by Syed Ahmad
Pakistan’s exports have decreased from $24.58 billion in 2012-13 to $20.8 billion in 2015-16.
This is indicative of end of the era where the blue eyed industries especially textile sector could keep up with the growing needs of nation’s foreign exchange needs. The remittances back home have grown but these are also under threat of growing wave of international anti-immigrant sentiment and huge workforce layoffs in the Gulf.
Pakistan has no other way but to move forward from 2nd industrial age to knowledge economy. Today the world is focusing on services, IT industry being the top priority of the global economies. Our neighboring India does more than a $100 billion dollars of IT exports each year. Philippines standing at $25 billion dollars is nothing short of impressive. It is unfortunate that Pakistan, despite having a wealth of human capital to match that of above mentioned countries, has been stagnated by political instability, law & order and international perception issues.
Ministry of Commerce had already identified IT as priority sector for promotion of services exports (STDC) back in 2013. The IT sector has been the top growing industry in Pakistan and never posted a negative growth; yet, subsequent governments have failed to support the IT industry in a meaningful way.
Due to lack of actual export figures along with need to shift blame onto the industry, it has been finger pointed that IT industry keeps 75% of its revenues outside of the country while bringing only 25% into Pakistan. This narrative is especially promoted in the government circles to put the blame of under-performance squarely onto the IT exporters. This also promotes a sense of false relief that the target of growing exports figures by 400% in a year is very easy i.e. simply get the exporters to bring back the money to Pakistan.
It is important to dispel this rumor so all the stakeholders stop focusing on non-issues and short-term measures. It is time for meaningful long-term initiatives that can truly grow the industry to its true potential. i.e. $15 Billion by 2025. While India targets $175 Billion by 2020 (NASSCOM perspective 2020), it seems like a small target for Pakistan. It is pertinent to ask a fundamental question at this point. Why is it that we have no large scale IT company bigger than $100 million per annum revenue or more than 5000 head-count while India has numerous $1 Billion+ companies having headcount in six figures?
Let’s dispel the myth first. How much are IT companies parking abroad?
With 13 years of my own IT exports experience and knowing most of the companies at a personal level, I can safely challenge that the payroll cost of an average IT company is at least 50% of the revenues. Labor arbitrage is the only reason outsourcing is attractive. Any person who understands the IT services business can do the math. High infrastructure costs, bandwidth, bench time etc, make it 60% of total revenues, give or take. Add overheads, trainings, sales and you are talking about profit margins of anywhere between 5% (ITeS) to 25%. There are new IT companies which even operate at a loss in first couple of years.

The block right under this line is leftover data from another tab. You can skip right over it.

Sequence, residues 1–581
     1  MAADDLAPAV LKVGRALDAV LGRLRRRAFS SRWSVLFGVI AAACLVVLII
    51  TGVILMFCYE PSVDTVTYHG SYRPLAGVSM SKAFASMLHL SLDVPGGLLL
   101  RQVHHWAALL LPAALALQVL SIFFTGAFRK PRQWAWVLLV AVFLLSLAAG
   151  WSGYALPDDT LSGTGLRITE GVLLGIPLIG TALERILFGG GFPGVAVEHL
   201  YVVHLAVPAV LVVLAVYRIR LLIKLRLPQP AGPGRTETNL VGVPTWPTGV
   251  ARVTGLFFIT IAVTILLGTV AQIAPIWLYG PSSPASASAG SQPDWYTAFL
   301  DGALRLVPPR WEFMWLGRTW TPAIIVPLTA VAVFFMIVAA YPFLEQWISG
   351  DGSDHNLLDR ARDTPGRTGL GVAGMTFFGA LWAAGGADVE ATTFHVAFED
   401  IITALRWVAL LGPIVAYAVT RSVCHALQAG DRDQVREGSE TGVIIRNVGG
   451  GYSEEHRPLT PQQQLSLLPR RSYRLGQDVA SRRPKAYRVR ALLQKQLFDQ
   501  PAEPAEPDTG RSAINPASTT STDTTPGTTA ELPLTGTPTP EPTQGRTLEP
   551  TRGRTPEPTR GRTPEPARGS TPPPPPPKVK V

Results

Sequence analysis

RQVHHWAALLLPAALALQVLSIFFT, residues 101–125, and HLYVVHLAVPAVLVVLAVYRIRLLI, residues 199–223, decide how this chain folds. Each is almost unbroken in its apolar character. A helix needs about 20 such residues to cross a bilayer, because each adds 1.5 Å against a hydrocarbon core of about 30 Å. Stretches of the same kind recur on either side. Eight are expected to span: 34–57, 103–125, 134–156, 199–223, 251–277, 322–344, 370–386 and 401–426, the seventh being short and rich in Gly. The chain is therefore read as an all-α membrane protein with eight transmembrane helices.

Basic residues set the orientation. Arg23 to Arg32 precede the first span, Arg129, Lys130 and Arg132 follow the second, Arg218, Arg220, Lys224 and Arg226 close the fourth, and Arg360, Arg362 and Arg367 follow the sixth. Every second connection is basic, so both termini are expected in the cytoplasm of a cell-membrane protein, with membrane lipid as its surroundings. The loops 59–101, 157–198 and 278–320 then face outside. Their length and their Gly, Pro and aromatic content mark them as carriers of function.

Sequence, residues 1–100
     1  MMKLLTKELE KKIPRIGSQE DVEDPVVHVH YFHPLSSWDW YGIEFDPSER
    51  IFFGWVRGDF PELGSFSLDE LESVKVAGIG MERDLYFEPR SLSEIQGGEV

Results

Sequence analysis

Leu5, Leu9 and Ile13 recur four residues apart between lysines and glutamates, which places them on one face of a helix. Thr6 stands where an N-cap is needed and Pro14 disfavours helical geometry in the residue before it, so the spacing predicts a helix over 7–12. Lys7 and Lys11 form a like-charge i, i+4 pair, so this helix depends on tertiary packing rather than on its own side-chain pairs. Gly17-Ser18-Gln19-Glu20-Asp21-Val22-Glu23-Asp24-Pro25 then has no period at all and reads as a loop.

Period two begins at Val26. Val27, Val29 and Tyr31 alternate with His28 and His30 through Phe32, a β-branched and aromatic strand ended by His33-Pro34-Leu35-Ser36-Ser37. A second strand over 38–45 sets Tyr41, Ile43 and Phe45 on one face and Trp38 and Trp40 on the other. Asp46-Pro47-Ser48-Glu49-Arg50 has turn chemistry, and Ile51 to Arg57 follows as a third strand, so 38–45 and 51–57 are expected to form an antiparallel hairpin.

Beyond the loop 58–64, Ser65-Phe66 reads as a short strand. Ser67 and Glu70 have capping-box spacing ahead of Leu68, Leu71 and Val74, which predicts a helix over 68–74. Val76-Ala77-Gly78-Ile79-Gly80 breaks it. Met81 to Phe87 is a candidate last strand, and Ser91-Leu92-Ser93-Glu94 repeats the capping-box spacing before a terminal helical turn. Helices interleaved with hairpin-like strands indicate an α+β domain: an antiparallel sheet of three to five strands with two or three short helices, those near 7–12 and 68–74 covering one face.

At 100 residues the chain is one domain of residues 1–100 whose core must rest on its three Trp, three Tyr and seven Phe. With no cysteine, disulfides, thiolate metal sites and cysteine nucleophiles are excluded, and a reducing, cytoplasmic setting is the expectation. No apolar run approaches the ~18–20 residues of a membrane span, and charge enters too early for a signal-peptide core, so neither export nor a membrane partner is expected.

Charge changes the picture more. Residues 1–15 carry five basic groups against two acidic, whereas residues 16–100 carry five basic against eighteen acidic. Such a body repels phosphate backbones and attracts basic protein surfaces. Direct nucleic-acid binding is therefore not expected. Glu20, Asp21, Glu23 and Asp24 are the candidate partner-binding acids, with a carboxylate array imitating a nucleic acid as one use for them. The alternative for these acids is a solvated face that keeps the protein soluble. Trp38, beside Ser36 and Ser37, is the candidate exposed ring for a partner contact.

How on earth can a company that has 20% profit margins, keep 75% of revenues abroad; when 80% of the costs need to be brought back to pay salaries, rent etc? Acknowledging the fact that bulk of the income has to be brought back to the country (whether reported as IT exports or counted as personal remittances) will bring the more difficult question in the limelight! How do we do what likes of India, Philippines and Ukraine are doing?
The difficult answer is:
- Government should solve visa issues (B1 & L1) for Pakistani passport holder IT workforce like India fights for its quota of H1B. This requires foreign policy prowess and trade/commerce priorities. As if the Pakistani passport status was already not bad enough, many successful Pakistani IT companies have reported 3 out of 4 visas of their employees to the US are rejected post Trump. If this is not addressed, we might see our IT exports declining for the first time in 15 years! Some recent posts from the most successful IT company CEOs indicate the same:
The visa issue is a two-way problem. Most of the customers including the likes of Microsoft, S&P Global, Google have Indians in their top management. Pakistani companies cannot easily acquire visas for senior American and Indian management of these companies. The travel advisory issued by the US state department is also not helpful in convincing the families of these folks to visit Pakistan.
- Government should run a PR campaign targeted towards US business community where 70% of Pakistani IT exports happen, and improve the perception of Pakistan as a safe place to do business. Bridge the gap between reality and perception. If you cannot sell the country as a destination, you cannot sell the companies that exist within.
Unfortunately, lack of strong foreign ministry can only mean the real issues presented above have no ownership in the government. Focus on entrepreneurship and freelancing is a red herring since all you have to do is events and social media marketing. It’s not what the IT exports industry in Pakistan needs to compete with the world. We need to solve real problems. Is there a government that can do that?
Syed Ahmed is the CEO of DPL and former Chairman of PASHA